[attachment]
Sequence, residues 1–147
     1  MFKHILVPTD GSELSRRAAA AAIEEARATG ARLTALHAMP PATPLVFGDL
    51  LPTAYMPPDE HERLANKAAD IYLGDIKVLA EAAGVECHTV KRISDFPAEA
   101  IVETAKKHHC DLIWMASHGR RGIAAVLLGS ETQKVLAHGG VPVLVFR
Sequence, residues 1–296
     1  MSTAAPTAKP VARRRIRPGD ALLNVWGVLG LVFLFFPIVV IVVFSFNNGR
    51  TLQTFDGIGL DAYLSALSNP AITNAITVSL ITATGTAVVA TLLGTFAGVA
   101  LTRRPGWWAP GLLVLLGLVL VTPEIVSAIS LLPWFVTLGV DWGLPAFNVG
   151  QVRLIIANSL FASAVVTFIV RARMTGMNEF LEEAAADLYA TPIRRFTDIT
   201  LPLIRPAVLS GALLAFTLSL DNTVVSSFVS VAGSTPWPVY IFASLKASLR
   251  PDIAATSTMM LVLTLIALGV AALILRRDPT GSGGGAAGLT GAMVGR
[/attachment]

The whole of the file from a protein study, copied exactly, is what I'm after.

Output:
Sequence, residues 1–147
     1  MFKHILVPTD GSELSRRAAA AAIEEARATG ARLTALHAMP PATPLVFGDL
    51  LPTAYMPPDE HERLANKAAD IYLGDIKVLA EAAGVECHTV KRISDFPAEA
   101  IVETAKKHHC DLIWMASHGR RGIAAVLLGS ETQKVLAHGG VPVLVFR
Sequence, residues 1–296
     1  MSTAAPTAKP VARRRIRPGD ALLNVWGVLG LVFLFFPIVV IVVFSFNNGR
    51  TLQTFDGIGL DAYLSALSNP AITNAITVSL ITATGTAVVA TLLGTFAGVA
   101  LTRRPGWWAP GLLVLLGLVL VTPEIVSAIS LLPWFVTLGV DWGLPAFNVG
   151  QVRLIIANSL FASAVVTFIV RARMTGMNEF LEEAAADLYA TPIRRFTDIT
   201  LPLIRPAVLS GALLAFTLSL DNTVVSSFVS VAGSTPWPVY IFASLKASLR
   251  PDIAATSTMM LVLTLIALGV AALILRRDPT GSGGGAAGLT GAMVGR